After the cluster is deployed you may assume control over the cluster from any kubernetes-master, or kubernetes-worker node.
First we need to download the credentials and client application to your local workstation:
Create the kubectl config directory.
mkdir -p ~/.kube
Copy the kubeconfig file to the default location.
juju scp kubernetes-master/0:config ~/.kube/config
Fetch a binary for the architecture you have deployed. If your client is a
different architecture you will need to get the appropriate
through other means.
juju scp kubernetes-master/0:kubectl ./kubectl
Query the cluster.
./kubectl cluster-info Kubernetes master is running at https://22.214.171.124:443 Heapster is running at https://126.96.36.199:443/api/v1/proxy/namespaces/kube-system/services/heapster KubeDNS is running at https://188.8.131.52:443/api/v1/proxy/namespaces/kube-system/services/kube-dns Grafana is running at https://184.108.40.206:443/api/v1/proxy/namespaces/kube-system/services/monitoring-grafana InfluxDB is running at https://220.127.116.11:443/api/v1/proxy/namespaces/kube-system/services/monitoring-influxdb
Congratulations, you’ve now set up a Kubernetes cluster!
Want larger Kubernetes nodes? It is easy to request different sizes of cloud
resources from Juju by using constraints. You can increase the amount of
CPU or memory (RAM) in any of the systems requested by Juju. This allows you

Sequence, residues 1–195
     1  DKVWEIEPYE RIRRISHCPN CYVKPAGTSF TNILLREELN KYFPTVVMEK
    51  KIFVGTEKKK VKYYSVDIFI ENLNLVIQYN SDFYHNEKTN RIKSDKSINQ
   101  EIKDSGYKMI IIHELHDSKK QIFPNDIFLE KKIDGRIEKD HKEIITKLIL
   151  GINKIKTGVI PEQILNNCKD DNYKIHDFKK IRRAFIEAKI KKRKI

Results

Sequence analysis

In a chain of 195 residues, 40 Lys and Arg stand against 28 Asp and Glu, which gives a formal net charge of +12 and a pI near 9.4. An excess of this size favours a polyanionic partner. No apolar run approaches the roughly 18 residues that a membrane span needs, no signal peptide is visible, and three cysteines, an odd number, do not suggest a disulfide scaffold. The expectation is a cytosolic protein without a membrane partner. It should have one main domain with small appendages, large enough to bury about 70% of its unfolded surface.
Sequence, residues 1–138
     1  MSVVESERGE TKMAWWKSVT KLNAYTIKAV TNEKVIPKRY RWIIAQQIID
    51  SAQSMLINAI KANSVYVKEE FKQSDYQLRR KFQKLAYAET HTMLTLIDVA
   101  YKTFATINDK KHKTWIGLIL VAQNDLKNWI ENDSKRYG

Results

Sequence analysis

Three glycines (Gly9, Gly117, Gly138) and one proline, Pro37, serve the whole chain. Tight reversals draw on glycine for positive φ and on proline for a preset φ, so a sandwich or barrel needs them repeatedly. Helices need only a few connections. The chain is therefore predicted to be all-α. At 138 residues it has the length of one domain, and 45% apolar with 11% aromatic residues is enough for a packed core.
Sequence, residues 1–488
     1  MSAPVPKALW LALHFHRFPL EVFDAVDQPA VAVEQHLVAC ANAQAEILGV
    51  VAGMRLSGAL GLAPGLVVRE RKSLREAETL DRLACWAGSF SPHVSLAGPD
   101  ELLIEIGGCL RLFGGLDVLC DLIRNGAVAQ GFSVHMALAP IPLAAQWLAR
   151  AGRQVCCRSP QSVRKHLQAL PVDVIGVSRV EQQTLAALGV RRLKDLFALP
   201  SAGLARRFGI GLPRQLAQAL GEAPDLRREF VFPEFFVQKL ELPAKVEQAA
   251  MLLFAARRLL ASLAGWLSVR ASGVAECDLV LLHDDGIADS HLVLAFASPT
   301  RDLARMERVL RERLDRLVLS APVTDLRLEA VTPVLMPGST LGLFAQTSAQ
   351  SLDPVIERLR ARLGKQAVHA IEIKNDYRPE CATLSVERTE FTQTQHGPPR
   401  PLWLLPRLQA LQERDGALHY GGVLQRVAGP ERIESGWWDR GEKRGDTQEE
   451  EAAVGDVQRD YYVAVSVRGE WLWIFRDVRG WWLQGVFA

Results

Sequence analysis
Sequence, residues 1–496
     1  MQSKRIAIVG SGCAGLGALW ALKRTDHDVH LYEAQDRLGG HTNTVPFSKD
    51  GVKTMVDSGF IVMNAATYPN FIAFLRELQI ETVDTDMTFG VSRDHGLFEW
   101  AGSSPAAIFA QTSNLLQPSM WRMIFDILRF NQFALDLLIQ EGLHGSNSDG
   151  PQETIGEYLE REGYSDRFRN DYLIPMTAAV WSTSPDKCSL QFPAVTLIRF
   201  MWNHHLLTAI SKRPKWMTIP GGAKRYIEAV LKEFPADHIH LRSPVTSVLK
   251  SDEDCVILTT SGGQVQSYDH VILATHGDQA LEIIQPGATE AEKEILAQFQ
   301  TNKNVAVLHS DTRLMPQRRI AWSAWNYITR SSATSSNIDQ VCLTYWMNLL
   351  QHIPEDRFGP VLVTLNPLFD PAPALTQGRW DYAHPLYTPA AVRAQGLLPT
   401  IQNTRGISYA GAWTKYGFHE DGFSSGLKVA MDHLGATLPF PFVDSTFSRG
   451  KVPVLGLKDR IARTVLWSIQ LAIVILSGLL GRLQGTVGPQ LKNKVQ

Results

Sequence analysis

to fine tune th Kubernetes cluster to fit your workload. Use flags on the
bootstrap command or as a separate
juju constraints command. Look to the
Juju documentation for machine
Need more workers? We just add more units:
juju add-unit kubernetes-worker
Or multiple units at one time:
juju add-unit -n3 kubernetes-worker
You can also ask for specific instance types or other machine-specific constraints. See the constraints documentation for more information. Here are some examples, note that generic constraints such as
mem are more portable between clouds. In this case we’ll ask for a specific instance type from AWS:
juju set-constraints kubernetes-worker instance-type=c4.large juju add-unit kubernetes-worker
You can also scale the etcd charm for more fault tolerant key/value storage:
juju add-unit -n3 etcd
It is strongly recommended to run an odd number of units for quorum.
If you want stop the servers you can destroy the Juju model or the
controller. Use the
juju switch command to get the current controller name:
juju switch juju destroy-controller $controllername --destroy-all-models
This will shutdown and terminate all running instances on that cloud.
We stand up Kubernetes with open-source operations, or operations as code, known as charms. These charms are assembled from layers which keeps the code smaller and more focused on the operations of just Kubernetes and its components.
The Kubernetes layer and bundles can be found in the
project on github.com:
Feature requests, bug reports, pull requests or any feedback would be much appreciated.
This deployment methodology is continually tested on the following clouds:
|IaaS Provider||Config. Mgmt||OS||Networking||Docs||Conforms||Support Level|
|Amazon Web Services (AWS)||Juju||Ubuntu||flannel||docs||Community ( @mbruzek, @chuckbutler )|
|OpenStack||Juju||Ubuntu||flannel||docs||Community ( @mbruzek, @chuckbutler )|
|Microsoft Azure||Juju||Ubuntu||flannel||docs||Community ( @mbruzek, @chuckbutler )|
|Google Compute Engine (GCE)||Juju||Ubuntu||flannel||docs||Community ( @mbruzek, @chuckbutler )|
For support level information on all solutions, see the Table of solutions chart.